Concept: Importing Code from a Remote Git Repository¶
In this lesson, we’ll learn about sharing code by importing it from a remote Git repository. We’ll discuss ways we can do this in both project libraries and notebooks.
The product documentation provides in-depth guidance on setting up a connection between Dataiku and a remote repository.
Imported Git code is known as a Git reference. Once imported into a project library, we can use the classes and functions in notebooks, recipes, and webapps in the same way we use any other code in our project library.
To demonstrate, we’ll import a specific path from a remote Git repository that contains a function that we can use to export Pandas DataFrames as Excel files.
First, we’ll go to the project’s library editor. Then we’ll select the Import from Git feature.
For a secure connection, use SSH, which requires set up of SSH credentials. Learn more in the product documentation on working with Git.
Then, we’ll use the URL of our public repository to connect to it.
Next, we’ll enter the name of the branch we want to “checkout”. The branch we select contains the content we want to import.
Then, we’ll enter the name of the subpath. This lets us import just a part of the repository.
Since we want only the “Custom Excel Functions”, we’ll enter the name of the path.
Then, we’ll enter the “target path” to let Dataiku know where we want to store the imported code in our project library. The “target path” is essential, If we leave this blank, Dataiku will replace the entire Python library in our project, removing any existing files and code.
The syntax starts and ends with a “forward slash”.
Now we’ll just Save and Retrieve the repository to fetch it. Dataiku updates the “External Libraries JSON” file with our new Git reference.
Now that we have retrieved a remote repository, we can use its functions in our project by including an import statement. For example, we can import the Dataframe to Excel function in our Jupyter notebook.
We can always edit, update, delete, or add new references, using Manage References. For example, when we want to keep our project library in sync with the repository it was imported from, we can Update it. “Update” pulls from the remote repository.
As a best practice, avoid making changes locally because modifications made in a project library cannot be pushed back to the original Git repository. A more automated way to manage Git references would be to create a step in a scenario.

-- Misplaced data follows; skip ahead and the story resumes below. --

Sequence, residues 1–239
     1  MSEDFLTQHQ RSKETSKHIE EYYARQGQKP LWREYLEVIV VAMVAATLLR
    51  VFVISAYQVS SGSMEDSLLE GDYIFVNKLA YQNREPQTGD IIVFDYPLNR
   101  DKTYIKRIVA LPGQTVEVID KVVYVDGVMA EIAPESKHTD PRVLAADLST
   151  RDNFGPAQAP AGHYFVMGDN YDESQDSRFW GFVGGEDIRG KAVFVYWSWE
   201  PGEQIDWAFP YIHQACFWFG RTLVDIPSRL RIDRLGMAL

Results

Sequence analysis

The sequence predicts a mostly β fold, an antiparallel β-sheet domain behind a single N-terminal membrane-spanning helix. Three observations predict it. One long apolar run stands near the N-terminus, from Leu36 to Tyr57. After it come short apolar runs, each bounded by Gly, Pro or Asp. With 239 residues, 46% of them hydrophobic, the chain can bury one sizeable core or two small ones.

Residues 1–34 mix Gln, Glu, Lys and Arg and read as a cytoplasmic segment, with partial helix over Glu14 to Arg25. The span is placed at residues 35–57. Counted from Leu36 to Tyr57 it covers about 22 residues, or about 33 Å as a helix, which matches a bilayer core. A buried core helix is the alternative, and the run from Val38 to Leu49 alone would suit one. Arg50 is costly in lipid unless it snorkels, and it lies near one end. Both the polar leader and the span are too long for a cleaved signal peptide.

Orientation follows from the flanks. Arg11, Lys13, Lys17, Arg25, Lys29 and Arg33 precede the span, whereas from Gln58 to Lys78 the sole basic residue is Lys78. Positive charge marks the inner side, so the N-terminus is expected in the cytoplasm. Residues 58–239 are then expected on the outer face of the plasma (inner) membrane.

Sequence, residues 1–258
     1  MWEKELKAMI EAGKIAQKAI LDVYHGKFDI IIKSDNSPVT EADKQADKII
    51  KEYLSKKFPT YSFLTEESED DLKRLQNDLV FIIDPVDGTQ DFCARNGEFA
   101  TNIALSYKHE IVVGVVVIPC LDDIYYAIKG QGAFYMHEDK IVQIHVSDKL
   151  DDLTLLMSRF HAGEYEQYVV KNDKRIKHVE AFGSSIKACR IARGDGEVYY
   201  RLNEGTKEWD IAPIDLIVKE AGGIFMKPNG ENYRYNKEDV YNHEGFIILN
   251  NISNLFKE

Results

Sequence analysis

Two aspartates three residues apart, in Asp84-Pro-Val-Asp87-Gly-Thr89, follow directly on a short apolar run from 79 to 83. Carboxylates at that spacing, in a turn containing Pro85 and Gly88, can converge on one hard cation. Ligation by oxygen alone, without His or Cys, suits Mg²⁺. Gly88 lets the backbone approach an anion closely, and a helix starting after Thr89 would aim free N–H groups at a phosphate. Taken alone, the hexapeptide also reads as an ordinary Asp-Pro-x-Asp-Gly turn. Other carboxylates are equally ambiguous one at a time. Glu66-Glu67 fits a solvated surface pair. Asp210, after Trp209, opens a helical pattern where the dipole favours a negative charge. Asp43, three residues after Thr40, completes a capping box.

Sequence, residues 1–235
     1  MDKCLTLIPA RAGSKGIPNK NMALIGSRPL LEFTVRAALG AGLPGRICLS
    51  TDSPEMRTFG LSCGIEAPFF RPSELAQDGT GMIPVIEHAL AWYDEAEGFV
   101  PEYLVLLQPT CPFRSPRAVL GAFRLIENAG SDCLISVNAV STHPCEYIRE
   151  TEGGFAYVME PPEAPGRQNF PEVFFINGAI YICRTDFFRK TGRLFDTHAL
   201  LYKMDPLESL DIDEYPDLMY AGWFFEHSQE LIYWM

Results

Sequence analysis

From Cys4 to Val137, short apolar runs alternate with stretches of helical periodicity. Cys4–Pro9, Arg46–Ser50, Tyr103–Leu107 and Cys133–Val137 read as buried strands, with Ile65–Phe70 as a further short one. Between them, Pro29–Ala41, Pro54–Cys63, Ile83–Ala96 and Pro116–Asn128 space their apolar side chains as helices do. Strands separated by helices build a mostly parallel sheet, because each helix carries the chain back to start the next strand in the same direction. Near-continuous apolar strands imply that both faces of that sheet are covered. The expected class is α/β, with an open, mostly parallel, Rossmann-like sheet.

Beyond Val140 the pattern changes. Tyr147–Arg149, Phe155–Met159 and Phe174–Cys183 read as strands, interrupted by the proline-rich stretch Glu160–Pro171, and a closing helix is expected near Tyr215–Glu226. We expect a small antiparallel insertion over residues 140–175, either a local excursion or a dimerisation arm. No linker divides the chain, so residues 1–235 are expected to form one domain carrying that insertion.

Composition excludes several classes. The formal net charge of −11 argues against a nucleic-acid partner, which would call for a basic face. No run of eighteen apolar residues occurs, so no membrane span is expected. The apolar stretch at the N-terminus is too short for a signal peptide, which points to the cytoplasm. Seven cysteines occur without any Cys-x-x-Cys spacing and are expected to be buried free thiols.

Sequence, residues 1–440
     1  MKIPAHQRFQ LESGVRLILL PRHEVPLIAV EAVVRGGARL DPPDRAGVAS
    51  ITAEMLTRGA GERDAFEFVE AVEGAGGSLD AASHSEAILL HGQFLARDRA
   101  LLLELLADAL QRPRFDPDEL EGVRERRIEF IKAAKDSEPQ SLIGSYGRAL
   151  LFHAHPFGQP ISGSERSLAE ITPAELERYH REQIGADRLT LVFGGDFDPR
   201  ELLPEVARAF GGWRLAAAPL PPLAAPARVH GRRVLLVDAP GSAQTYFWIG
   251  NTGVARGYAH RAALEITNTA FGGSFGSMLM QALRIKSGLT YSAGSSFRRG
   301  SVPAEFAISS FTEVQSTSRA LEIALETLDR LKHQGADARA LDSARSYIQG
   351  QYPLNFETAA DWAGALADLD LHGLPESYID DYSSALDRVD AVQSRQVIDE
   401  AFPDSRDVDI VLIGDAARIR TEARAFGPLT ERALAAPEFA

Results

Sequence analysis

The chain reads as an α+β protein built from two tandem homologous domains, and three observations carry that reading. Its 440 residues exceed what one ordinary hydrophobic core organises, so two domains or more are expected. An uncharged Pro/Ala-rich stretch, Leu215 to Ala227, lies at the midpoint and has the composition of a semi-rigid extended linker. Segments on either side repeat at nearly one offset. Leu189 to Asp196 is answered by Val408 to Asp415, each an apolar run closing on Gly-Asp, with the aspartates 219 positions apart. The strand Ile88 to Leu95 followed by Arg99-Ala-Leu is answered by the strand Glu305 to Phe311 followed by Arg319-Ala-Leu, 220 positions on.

If you have Jupyter notebooks that have been developed outside of Dataiku and are available in a Git repository, you can import these notebooks inside a Dataiku project.
To import a notebook from your remote Git repository, add a new notebook and then select Import from Git. After entering the URL and branch, Dataiku lists the notebooks available. Then just select which one you want to import. Imported notebooks are identified with an icon.
You can then manage your imported notebook including pushing changes back to the remote repository.
To find out more, visit Importing Jupyter Notebooks from Git.
In this lesson, we learned about using code from outside of Dataiku in our project using the Git integration feature in both project libraries and notebooks.
In shared code libraries, we learned about sharing the project library with other projects.
While the Git integration feature allows us to connect to a remote Git repository, it is necessary to manage the references in case anything changes in the repository and we want to make the changes available to the project.
By contrast, using a shared code library, we could manage changes all within the parent project without having to update any references in the child projects. However, when project libraries are shared between projects, and we plan to deploy our project to the automation node, the parent project must be deployed so that the project library is available.
To go further, check out the other lessons included in this course!